Living With or Living Free From Overwhelming Anxiety May 1st, 2015

Most people have experienced worry at one time or another, however, for a person with Anxiety Disorder that worry is amplified to the point it is disruptive and can be debilitating. General Anxiety Disorder affects more than 6.8 million adults each year.

Experiencing extreme anxiety can have undue influence over thoughts and beliefs which may result in feelings of panic, fear, and uneasiness. What for many people may be a passing thought, such as thoughts of personal mortality can become overwhelming. For example thoughts of mortality may contort into certainty of terminal illness or impending harm.

In addition to influencing thoughts that may affect behaviors and decisions, heightened anxiety can also result in physical symptoms such as:

  • Increased heart rate
  • Rapid breathing (hyperventilation)
  • Sweating or trembling
  • Difficulty breathing or the feeling of pressure on the chest

What might help

When a person is experience acute (severe) or chronic (over a long period of time) anxiety there are several treatment options that should be discussed with a professional therapist or psychiatrist. Some options may include therapeutic counseling, counseling with medication, behavioral and cognitive therapies, relaxation techniques, such as guided relaxation and mindfulness. Clinical hypnosis can also be useful in alleviating symptoms and can even teach how to do self-hypnosis to use at your leisure. Counseling is often considered an important component of treatment for anxiety because it helps develop skills needed to deal with the tensions caused by the anxiety and more easily relate to others.

There are some personal strategies that can also help when feeling overwhelmed by anxiety:

Accept your thoughts and feelings without allowing them to have power over your state of mind. Sometimes, particularly if a behavior, thought, or feeling is embarrassing or considered “bad”, trying to ignore it will make it worse. As if it is demanding attention as you are trying to pretend it does not exist. In that vein, acknowledging anxiety triggered thoughts and feelings, but without engaging them, can reduce the hod they have on you. Consider acknowledging those thoughts and feeling as if at an emotional distance while recognizing you are prone to an exaggerated reaction then let go of those thoughts.

Recognize what is happening. “I am experiencing anxiety over X and my thoughts are turning obsessive”. That is to say, recognize you are experiencing anxiety and your reaction both in thoughts and feelings may be exaggerated. Try to remain in the present moment and only focus on what demands your immediate attention. Accept your symptoms as they come and remind yourself that they will soon pass.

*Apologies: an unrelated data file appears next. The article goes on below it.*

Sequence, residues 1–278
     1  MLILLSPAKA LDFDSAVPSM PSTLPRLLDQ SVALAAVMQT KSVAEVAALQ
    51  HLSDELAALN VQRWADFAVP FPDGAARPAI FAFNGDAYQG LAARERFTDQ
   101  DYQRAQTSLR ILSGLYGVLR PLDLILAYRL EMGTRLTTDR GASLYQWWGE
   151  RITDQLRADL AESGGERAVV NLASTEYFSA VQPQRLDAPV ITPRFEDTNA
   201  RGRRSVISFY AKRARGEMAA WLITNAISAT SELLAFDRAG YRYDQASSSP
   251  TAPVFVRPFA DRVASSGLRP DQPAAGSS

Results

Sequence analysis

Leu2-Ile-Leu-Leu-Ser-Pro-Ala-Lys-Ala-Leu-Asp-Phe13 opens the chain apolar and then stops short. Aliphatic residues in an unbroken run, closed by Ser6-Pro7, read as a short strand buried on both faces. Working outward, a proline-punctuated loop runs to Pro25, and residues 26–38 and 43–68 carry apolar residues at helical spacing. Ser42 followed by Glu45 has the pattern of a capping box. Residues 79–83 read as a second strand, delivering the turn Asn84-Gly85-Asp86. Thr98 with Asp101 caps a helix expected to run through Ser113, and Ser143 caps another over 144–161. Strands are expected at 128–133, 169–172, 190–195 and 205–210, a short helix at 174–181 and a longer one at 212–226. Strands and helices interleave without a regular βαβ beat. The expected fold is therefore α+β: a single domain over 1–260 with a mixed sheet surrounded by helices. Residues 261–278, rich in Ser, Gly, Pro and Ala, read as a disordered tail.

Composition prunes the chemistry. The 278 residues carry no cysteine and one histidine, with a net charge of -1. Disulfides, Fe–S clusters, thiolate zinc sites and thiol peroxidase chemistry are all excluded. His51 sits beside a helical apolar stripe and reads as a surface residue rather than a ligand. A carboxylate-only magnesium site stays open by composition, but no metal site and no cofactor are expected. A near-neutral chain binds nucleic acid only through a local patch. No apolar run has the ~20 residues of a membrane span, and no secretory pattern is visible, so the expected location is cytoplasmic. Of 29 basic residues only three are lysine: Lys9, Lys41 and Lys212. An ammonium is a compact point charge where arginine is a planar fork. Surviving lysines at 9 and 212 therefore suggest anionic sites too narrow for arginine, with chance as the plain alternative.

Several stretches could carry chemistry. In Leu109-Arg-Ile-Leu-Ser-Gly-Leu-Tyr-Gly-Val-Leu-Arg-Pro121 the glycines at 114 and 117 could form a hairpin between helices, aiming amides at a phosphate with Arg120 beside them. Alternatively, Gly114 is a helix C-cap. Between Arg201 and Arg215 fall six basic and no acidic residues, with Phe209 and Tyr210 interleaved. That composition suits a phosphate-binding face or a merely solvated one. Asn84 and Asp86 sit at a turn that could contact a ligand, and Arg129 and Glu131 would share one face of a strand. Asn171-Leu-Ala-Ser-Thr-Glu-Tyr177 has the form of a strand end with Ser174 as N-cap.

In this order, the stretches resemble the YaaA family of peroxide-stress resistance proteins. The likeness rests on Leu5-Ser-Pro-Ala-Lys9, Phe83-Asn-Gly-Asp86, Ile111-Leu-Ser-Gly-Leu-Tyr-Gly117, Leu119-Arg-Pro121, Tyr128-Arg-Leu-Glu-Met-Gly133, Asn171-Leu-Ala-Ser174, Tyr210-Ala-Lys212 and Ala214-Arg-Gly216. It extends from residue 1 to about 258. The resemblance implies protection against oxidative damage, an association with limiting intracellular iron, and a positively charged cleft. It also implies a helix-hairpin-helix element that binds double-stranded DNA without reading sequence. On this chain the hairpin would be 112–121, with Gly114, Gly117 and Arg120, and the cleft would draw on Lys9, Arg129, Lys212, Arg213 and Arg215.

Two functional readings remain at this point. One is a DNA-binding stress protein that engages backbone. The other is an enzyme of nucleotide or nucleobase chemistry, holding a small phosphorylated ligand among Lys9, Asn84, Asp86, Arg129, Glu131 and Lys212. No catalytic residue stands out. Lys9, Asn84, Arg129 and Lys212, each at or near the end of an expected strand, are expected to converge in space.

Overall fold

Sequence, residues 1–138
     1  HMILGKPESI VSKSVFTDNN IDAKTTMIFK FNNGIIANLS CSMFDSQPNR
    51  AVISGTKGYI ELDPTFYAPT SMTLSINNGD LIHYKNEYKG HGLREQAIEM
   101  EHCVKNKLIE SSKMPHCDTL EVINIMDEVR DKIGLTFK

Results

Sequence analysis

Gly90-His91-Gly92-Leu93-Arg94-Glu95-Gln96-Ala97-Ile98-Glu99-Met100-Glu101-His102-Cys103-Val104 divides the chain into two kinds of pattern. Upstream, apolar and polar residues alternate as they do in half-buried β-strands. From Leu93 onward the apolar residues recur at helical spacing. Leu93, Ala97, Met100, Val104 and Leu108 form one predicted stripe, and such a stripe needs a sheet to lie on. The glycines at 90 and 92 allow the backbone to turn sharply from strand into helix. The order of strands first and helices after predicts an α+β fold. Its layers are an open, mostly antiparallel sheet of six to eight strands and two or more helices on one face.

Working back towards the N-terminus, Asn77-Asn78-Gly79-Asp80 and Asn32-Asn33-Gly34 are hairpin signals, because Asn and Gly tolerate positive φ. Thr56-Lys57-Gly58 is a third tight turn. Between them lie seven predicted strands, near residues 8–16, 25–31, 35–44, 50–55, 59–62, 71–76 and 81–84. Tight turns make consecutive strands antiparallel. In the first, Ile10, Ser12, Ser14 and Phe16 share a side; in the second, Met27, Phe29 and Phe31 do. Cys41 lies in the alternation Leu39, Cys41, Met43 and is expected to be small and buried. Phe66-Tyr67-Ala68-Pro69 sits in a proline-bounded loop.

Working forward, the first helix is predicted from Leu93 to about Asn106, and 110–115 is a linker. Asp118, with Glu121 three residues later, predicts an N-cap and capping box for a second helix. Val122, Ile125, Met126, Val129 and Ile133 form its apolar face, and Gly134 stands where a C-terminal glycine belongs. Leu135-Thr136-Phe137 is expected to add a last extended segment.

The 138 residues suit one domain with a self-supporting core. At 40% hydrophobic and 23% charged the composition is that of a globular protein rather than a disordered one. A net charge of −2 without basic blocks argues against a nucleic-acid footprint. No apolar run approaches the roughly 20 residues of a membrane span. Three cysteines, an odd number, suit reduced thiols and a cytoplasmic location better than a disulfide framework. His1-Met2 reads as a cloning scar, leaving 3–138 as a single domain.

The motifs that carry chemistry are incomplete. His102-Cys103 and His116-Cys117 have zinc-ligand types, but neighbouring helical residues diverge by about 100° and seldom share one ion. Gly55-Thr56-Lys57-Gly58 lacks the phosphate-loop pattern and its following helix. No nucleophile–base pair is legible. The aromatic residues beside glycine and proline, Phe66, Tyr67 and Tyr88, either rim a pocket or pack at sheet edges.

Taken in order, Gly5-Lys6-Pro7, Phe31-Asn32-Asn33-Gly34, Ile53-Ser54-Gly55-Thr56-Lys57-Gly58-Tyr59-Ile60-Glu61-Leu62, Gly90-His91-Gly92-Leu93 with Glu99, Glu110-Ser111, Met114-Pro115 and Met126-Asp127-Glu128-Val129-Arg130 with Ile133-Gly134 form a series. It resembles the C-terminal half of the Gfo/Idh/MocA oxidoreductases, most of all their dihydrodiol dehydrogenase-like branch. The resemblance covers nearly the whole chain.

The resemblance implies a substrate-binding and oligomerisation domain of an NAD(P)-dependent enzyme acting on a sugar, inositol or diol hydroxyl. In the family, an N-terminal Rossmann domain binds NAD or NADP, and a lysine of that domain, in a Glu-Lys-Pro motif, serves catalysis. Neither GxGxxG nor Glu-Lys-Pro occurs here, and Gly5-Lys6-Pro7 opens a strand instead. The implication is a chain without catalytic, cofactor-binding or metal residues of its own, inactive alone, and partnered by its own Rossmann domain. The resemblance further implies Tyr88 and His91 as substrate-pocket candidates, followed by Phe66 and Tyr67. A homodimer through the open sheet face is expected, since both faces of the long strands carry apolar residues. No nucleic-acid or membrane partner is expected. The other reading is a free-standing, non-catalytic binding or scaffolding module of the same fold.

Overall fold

Manage the physical symptoms. Slow your breathing by taking deep breaths through your nose and slowly releasing through your mouth. If possible take a moment to slowly sip a cold or hot beverage taking care to pause a moment between each sip. Longer term behaviors that may reduce your anxiety or help you more effectively manage the physical symptoms when they occur include:

  • Activities that reduce stress and increase mindfulness such as journaling, yoga, or meditation.
  • Activities that increase self-control such as marital arts.
  • Increasing exercise and sticking to a healthy diet can also help, particularly avoid caffeine, sugar, and alcohol.

Distract yourself with something unrelated to the anxiety. Think or engage in something completely unrelated to the source of the anxiety. Focus and expend your excess energy into something that you find engages you fully, perhaps something that you enjoy but also requires concentration or you find soothing.

Talk it out with a confidant. Talk to a trusted friend or loved one about how anxiety affects you. Keep them apprised of strategies that help so they can talk you through the moment when your anxiety is escalating. Make sure to focus the conversation so that you are able to put the source of your anxiety back into a perspective.

When to see a therapist for help:

  • If your worry and feelings of anxiety are interfering with your work, relationships, or other aspects of your life.
  • If you feel depressed or are using alcohol or recreational drugs to avoid or curb your feelings.
  • If you experience physical symptoms to the point it is concerning or distracting; or if you consistently experience overwhelming anxiety in certain situations.
  • If you have thoughts or behaviors of suicide or self-harm seek emergency treatment immediately.

For more information or to schedule an appointment contact Dr Carol Phone: (513) 244-6990, Fax: (513) 244-6911, email:

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